In the Spotlight

News & Features
More from MPR
Your Voice
DocumentJoin the conversation with other MPR listeners in the News Forum.

DocumentE-mail this pageDocumentPrint this page
Minnesota's sex offender program faces many challenges
Minnesota has nearly 200 sex offenders committed to secure treatment facilities because they're considered sexually dangerous. It's unclear whether any will ever get out. Their fate is caught in a tangle of law, politics and medicine. Since spring, several psychiatrists have quit the program, patients are threatening a lawsuit and staff at the two centers say morale is at an all time low. Through it all, top program managers have been considering options for moving some patients out of security hospitals.

St. Paul, Minn. — Many of those in the treatment program have already served prison sentences for their crimes. They've been civilly committed because prosecutors convinced judges there's a high risk they would commit similar crimes again. Under civil commitment standards, the state has to provide treatment with the possibility of release.

Tom Sabo, 50,a patient at the Moose Lake facility, was committed to the program in 1993 straight from prison. The Minneapolis man says he's frustrated that no one has been released from the program.

"I believe that somewhere along the line I will get out," Sabo said. "I just don't think it will be through the good graces of the state of Minnesota. It would have to be through a legal battle way beyond my ability to fight."

Larger view
Image Attorney Eric Janus has concerns about the constitutionality of the treatment program.

Sabo and others in the program are not minor offenders. He's been convicted of two counts of first degree sexual misconduct. Hennepin County prosecutors accuse him of much worse. In Sabo's commitment papers, they contend Sabo raped a woman on the day he was released from his first prison sentence in 1983. They also say he committed other sexual assaults and admitted to raping at least 12 women.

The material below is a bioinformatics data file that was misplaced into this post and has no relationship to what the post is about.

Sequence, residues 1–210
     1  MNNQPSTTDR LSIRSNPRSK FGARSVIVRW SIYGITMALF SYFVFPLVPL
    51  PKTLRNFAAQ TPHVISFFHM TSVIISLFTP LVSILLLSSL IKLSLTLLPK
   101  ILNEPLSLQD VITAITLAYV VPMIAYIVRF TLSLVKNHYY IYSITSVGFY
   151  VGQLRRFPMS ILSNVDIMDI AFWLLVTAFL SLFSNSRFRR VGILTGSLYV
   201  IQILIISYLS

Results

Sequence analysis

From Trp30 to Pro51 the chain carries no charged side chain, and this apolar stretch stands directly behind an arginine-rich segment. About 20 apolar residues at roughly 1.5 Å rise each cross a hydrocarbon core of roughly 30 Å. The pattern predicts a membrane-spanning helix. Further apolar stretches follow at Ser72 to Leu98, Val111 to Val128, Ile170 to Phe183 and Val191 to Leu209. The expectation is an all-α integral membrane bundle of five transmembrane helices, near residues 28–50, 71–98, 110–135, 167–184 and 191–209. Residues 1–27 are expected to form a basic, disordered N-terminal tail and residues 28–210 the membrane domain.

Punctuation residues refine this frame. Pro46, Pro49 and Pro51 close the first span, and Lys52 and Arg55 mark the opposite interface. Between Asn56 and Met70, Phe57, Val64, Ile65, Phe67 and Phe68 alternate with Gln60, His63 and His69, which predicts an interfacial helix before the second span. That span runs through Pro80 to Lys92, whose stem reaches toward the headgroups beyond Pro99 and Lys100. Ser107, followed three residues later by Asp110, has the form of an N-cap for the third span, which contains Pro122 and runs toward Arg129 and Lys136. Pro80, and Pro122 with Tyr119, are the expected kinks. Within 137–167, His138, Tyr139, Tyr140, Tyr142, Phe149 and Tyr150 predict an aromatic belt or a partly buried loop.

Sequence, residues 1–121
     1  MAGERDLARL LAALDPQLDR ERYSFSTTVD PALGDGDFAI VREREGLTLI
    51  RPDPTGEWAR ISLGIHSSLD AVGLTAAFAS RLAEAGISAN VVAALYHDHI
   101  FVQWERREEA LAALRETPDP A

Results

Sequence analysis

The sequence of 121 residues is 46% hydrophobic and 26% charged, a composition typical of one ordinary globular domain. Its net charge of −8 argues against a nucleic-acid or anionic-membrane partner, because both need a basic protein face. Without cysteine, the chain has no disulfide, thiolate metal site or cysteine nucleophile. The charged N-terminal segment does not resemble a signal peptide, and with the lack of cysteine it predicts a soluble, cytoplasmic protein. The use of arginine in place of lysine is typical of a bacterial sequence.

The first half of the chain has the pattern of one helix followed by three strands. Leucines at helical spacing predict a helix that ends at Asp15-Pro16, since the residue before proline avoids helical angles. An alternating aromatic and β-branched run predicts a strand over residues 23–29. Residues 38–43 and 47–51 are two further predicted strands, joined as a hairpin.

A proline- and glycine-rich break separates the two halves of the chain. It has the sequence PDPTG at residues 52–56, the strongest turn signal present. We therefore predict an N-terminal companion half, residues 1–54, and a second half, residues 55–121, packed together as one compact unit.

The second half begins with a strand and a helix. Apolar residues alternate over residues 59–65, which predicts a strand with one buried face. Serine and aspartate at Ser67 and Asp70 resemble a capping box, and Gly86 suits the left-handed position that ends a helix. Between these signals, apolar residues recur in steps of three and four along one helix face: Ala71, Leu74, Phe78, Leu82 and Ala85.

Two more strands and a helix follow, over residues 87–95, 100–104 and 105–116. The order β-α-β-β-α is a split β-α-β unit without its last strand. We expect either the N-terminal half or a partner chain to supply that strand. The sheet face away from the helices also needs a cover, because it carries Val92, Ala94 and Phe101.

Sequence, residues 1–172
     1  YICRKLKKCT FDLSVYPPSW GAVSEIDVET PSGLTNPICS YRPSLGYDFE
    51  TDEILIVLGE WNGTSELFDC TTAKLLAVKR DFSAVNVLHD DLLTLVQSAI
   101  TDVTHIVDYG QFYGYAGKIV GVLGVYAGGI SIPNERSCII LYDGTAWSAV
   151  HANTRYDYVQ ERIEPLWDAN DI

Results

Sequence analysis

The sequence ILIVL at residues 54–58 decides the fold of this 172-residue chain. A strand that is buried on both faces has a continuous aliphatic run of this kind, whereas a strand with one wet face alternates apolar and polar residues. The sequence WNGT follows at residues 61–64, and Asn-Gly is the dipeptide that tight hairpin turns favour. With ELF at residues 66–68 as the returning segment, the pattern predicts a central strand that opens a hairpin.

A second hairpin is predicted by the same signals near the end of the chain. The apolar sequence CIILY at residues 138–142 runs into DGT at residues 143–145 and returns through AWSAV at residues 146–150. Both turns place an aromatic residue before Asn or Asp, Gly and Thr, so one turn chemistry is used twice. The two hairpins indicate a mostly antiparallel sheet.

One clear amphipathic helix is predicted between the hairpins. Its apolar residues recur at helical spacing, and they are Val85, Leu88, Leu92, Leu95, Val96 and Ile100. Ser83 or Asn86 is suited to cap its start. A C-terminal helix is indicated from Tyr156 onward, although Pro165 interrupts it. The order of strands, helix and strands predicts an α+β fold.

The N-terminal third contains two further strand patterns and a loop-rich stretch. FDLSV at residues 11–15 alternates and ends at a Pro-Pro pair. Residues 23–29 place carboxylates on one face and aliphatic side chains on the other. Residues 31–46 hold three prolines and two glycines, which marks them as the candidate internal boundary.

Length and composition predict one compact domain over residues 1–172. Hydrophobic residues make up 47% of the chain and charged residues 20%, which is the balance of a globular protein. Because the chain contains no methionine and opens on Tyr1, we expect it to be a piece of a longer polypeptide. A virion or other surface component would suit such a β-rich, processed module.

The sex offender program has received considerable attention after a newspaper report in June. The story said officials were considering less secure treatment settings for offenders. DFLers accused the Pawlenty administration of considering the changes to save the state money.

Pawlenty angrily countered that the administration isn't changing policy or releasing any offenders. He later issued an executive order saying no one would be released from the program unless by a court order.

"The sex offender program is fraught with controversy," said state Forensic Director Michael Farnsworth, who oversees the sex offender population for the Department of Human Services.

Farnsworth has found himself at the center of that controversy. He proposed less secure treatment options for the sex offender population. He's scheduled to resign from his post at the end of September but says it has nothing to do with the recent controversy. Farnsworth says treating sex offenders can be difficult because legal requirements to treat patients conflict with public pressure to keep them locked up.

"No one seems to know, exactly, ultimately, what the disposition will be or what the positions of the various politicians that weigh in on it will be," Farnsworth said. "It's a lightening rod."

Larger view
Image Pam Lofquist says she has concerns about the morale of the staff at Moose Lake.

A patient is eligible for release after completing four treatment phases. A special review board then decides to recommend the release. The state human services commissioner can approve or deny the release. Patients and prosecutors can appeal the commissioner's decision to an appointed three-judge panel.

Several attorneys say Pawlenty's order undermines the constitutionality of the treatment program because it tells the human services commissioner to not let anyone out.

Eric Janus, an attorney and professor at the William Mitchell College of Law, says he and other attorneys are considering a lawsuit against the state. Janus also says he has concerns about the treatment program since no one has been released since the latest commitment procedures were created in 1994.

"The governor's order is one additional piece of evidence that this sex offender program is really about punishment," Janus said. "So even if he takes the order back, you can't unring the bell."